When Surveillance Is Your Friend – Or Doing “Geo-Spatial” One Better
A Longmont, Colorado company, Digital Globe, that specializes in satellite imaging (or taking pictures of earthlings from space) has been one of the main sources for information about how things look, literally, since March 12th, at the Dai Ichi Power Plant in northern Japan. As shown, on March 14, 2011 between 11:00 and 11:04 AM local time, DigitalGlobe’s constellation of satellites imaged the Fukushima Daiichi Nuclear Power Plant twice–approximately 1 minute before and approximately 3 minutes after an explosion at the No. 3 reactor building. Substantial damage could be seen to the reactor building, including the upper structure being largely destroyed and the building’s roof and side panels blown off. In addition, an extensive smoke and dust plume could be seen drifting east.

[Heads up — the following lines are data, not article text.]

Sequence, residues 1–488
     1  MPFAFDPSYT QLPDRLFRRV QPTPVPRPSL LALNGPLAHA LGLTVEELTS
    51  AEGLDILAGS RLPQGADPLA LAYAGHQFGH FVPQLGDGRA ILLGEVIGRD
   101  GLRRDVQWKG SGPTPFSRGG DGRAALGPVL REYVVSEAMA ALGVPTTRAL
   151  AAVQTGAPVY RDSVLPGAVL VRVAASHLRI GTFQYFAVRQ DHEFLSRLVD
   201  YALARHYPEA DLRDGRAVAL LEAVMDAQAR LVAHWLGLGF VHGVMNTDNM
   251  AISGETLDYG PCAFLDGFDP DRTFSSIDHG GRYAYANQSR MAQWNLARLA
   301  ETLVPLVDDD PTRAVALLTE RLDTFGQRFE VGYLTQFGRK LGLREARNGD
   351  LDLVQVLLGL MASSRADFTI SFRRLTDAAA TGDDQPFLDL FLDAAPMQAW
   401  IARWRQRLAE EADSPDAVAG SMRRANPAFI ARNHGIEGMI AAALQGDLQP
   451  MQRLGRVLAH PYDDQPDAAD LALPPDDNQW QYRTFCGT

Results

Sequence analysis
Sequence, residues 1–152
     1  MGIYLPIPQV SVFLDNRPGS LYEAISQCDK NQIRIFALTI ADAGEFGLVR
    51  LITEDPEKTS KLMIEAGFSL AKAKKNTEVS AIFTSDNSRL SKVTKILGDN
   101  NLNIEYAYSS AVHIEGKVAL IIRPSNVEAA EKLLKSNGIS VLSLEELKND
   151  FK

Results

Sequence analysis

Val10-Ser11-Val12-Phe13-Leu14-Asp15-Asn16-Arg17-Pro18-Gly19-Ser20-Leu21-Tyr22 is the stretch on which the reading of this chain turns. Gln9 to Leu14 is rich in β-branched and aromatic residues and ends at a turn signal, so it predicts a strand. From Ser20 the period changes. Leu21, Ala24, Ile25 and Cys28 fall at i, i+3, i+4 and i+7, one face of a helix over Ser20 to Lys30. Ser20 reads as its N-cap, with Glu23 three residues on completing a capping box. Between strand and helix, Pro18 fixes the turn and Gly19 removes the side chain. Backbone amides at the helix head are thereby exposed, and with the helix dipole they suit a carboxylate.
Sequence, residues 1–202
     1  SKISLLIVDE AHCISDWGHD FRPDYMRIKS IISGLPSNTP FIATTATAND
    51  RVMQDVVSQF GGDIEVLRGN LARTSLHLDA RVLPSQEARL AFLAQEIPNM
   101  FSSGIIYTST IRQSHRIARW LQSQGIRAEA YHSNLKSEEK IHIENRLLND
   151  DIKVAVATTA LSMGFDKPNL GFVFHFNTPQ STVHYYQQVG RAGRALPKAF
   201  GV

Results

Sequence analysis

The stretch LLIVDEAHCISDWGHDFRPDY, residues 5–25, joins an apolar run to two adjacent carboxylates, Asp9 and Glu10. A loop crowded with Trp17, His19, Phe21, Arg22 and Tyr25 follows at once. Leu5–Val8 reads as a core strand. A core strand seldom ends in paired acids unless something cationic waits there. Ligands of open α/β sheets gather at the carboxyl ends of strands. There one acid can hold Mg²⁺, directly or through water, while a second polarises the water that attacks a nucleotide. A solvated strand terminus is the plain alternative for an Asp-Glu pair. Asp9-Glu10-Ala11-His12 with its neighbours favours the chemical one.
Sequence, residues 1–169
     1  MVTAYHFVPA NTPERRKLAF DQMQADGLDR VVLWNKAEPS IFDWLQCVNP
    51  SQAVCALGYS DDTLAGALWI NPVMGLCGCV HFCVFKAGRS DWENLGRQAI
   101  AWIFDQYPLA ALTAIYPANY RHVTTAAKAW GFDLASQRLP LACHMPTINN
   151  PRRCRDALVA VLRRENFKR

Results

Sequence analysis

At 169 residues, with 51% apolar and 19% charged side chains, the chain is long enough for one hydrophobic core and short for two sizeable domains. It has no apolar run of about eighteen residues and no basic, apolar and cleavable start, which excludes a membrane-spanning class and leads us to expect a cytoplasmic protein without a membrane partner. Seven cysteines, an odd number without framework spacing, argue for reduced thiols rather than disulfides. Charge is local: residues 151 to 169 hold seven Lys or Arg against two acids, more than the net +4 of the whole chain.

But not only disaster chronicles are part of Digital Globe’s efforts. Digital Globe and the Satellite Sentinal Project work in the Abyei region of Sudan – where looking down and zooming in can (and has) literally meant preventing genocide. (Would they could train some satellites on where precisely the Chinese have put Ai Weiwei.) The company describes its founders as “scientists and GIS mapping users” who wanted access to a high-quality earth imagery and “geospatial information products” that had not been available before (in 2009, the company made a public stock offering of a little more than $246 million).
From participation in Microsoft earth-mapping to BING maps to conferences on drug trafficking in Mexico, and “environmental sensing” of conditions that are perhaps not quite so graphically photogenic yet remote as photography can be, the company last week, April 16-19, was at the National Space Symposium in Colorado Springs. So what if it’s not the final frontier, after all? (For the limited edition Japan relief t-shirt, please go to the link.)